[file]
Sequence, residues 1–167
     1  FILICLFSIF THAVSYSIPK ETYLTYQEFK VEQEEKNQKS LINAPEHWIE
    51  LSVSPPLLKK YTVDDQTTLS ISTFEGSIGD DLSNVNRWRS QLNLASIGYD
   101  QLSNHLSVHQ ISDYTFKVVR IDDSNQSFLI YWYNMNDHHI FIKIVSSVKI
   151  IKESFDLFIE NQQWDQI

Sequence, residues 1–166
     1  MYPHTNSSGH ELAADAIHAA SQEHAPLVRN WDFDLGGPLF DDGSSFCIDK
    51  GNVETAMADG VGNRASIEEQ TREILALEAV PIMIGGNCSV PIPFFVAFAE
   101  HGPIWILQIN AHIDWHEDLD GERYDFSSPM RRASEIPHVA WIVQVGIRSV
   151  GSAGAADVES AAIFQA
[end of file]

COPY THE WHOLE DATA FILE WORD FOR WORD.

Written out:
Sequence, residues 1–167
     1  FILICLFSIF THAVSYSIPK ETYLTYQEFK VEQEEKNQKS LINAPEHWIE
    51  LSVSPPLLKK YTVDDQTTLS ISTFEGSIGD DLSNVNRWRS QLNLASIGYD
   101  QLSNHLSVHQ ISDYTFKVVR IDDSNQSFLI YWYNMNDHHI FIKIVSSVKI
   151  IKESFDLFIE NQQWDQI

Sequence, residues 1–166
     1  MYPHTNSSGH ELAADAIHAA SQEHAPLVRN WDFDLGGPLF DDGSSFCIDK
    51  GNVETAMADG VGNRASIEEQ TREILALEAV PIMIGGNCSV PIPFFVAFAE
   101  HGPIWILQIN AHIDWHEDLD GERYDFSSPM RRASEIPHVA WIVQVGIRSV
   151  GSAGAADVES AAIFQA